Samuel Preston, Ph.D.
Professor of Sociology
Ph.D. Economics, Princeton University, 1968
B.A., Economics, Amherst College, 1965
Samuel Preston's major research interest is in the health of populations. He has written primarily about mortality trends and patterns in large aggregates, including twentieth century mortality transitions and black/white differentials in the United States. Recent research has focused on the mortality effects of cigarette smoking and obesity in developed countries. Two papers with Dana Glei and John Wilmoth use data for 21 countries for the past 60 years to demonstrate the relationship between lung cancer deaths and deaths from other causes. This relationship enables improved calculations of deaths attributable to smoking. One of these papers appears in a 2011 National Academy of Sciences publication from a committee that he co-chaired with Eileen Crimmins. The committee addressed the question of why US life expectancy lags so far behind the world's leaders. A related paper with Jessica Ho addressed the question of the effectiveness of the US health care system, relative to that of other countries, in enhancing survival. A third paper, with Andrew Stokes, estimated the impact of international variation in obesity on international differences in mortality. This paper led to a 5-year project funded by the National Institute of Aging that began in September 2011. Related work is supported by a grant from the National Bureau of Economic Research. Other recent research projects address the future of American fertility and the demographic causes of population aging.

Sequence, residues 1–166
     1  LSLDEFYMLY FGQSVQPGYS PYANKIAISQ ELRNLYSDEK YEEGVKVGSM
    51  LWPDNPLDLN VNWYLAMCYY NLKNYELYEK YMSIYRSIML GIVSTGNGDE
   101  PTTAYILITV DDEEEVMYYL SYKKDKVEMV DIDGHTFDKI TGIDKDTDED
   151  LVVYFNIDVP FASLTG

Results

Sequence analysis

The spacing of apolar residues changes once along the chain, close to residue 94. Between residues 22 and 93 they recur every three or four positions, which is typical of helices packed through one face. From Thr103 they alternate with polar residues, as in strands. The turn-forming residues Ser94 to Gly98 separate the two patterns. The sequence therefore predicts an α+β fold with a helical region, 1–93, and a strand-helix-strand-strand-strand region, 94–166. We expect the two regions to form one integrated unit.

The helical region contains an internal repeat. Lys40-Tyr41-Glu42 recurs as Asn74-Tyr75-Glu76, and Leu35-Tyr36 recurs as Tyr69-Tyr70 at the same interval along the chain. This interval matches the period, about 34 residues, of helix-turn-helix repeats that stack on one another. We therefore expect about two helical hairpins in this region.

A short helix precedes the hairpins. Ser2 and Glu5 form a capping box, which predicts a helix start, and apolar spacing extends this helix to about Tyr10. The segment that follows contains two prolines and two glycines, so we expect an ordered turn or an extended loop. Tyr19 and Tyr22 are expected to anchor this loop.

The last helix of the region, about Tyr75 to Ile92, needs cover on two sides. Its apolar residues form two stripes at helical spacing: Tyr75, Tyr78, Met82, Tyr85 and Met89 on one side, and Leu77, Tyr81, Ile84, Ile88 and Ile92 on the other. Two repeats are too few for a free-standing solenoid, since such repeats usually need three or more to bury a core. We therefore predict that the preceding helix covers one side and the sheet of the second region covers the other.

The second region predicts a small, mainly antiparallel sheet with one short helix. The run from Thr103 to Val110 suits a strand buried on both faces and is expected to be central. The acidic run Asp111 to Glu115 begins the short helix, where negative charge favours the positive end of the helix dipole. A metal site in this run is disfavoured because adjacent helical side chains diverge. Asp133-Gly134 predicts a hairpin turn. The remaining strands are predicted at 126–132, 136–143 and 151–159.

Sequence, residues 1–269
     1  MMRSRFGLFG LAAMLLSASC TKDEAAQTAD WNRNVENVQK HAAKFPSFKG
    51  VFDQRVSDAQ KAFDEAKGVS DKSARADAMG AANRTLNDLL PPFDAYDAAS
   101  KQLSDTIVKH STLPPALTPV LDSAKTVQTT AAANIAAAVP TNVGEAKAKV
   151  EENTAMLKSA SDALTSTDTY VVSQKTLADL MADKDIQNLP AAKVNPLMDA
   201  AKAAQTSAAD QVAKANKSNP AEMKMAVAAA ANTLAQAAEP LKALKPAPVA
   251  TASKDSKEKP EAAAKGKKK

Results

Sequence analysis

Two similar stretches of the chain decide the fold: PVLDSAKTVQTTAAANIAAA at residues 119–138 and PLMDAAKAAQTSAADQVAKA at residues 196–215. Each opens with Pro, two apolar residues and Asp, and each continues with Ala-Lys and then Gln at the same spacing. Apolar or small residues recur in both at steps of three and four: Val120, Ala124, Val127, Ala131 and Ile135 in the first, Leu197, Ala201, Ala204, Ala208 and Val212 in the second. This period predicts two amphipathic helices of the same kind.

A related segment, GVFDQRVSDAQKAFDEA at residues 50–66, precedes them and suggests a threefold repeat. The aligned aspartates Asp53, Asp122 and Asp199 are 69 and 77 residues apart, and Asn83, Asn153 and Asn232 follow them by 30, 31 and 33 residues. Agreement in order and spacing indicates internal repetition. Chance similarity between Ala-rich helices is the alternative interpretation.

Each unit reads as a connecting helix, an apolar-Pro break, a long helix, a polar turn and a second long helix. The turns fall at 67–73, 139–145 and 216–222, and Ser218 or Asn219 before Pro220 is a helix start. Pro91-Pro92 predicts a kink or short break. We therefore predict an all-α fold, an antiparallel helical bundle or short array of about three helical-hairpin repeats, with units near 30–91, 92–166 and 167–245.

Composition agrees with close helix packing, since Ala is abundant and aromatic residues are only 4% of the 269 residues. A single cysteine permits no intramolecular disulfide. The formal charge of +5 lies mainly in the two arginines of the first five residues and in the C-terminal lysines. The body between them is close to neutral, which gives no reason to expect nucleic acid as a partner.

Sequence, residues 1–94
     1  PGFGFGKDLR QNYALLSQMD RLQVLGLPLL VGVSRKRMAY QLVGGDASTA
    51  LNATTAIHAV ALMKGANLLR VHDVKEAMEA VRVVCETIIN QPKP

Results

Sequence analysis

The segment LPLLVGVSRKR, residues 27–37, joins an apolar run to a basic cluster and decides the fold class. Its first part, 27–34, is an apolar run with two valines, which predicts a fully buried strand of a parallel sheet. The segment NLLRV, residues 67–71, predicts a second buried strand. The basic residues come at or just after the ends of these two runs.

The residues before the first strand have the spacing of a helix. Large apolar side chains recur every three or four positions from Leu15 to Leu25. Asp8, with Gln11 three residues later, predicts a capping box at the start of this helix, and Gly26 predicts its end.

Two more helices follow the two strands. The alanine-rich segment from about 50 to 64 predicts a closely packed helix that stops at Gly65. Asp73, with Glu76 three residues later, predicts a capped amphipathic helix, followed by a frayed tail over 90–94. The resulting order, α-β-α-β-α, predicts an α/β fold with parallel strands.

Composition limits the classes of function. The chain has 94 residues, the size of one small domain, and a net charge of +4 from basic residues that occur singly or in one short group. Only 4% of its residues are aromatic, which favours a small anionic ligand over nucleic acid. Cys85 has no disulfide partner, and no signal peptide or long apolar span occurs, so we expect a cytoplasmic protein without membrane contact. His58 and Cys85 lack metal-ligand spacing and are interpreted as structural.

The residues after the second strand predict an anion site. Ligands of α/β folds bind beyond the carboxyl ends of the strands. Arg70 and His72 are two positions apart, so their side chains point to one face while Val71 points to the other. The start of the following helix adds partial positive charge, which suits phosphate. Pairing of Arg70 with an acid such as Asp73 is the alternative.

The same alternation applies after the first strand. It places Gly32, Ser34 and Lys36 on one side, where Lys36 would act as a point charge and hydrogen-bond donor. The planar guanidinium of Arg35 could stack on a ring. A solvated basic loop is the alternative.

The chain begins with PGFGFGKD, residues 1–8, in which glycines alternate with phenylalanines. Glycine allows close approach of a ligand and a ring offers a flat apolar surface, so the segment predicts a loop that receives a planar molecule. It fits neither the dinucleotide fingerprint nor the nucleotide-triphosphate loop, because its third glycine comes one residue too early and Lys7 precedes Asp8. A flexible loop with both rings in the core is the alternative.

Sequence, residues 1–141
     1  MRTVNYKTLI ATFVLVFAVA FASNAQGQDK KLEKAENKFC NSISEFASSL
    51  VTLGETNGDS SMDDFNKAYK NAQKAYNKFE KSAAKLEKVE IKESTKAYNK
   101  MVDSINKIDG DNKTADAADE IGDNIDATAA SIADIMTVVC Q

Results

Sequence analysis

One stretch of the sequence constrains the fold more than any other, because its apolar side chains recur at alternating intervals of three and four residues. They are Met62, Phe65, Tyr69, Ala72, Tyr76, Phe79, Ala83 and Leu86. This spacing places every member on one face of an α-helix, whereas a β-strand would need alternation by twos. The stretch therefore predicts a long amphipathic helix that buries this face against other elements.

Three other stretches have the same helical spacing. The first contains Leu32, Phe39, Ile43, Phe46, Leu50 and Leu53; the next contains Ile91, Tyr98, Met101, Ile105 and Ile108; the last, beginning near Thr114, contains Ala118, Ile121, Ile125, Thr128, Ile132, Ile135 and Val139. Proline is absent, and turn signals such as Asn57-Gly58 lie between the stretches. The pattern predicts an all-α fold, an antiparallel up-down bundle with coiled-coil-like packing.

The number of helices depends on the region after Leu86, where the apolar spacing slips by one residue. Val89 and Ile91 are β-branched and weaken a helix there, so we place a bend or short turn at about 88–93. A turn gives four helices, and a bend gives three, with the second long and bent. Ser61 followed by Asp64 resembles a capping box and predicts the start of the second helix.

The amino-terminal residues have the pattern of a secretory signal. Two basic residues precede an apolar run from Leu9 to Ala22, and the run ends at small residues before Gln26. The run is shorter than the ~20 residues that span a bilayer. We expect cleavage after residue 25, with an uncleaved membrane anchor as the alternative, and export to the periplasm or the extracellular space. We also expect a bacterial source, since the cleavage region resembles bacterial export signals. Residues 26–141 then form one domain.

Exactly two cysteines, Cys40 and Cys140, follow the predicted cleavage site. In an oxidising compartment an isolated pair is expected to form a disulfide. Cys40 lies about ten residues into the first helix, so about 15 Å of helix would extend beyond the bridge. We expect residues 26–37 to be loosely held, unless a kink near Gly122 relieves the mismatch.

Office: 289 McNeil Building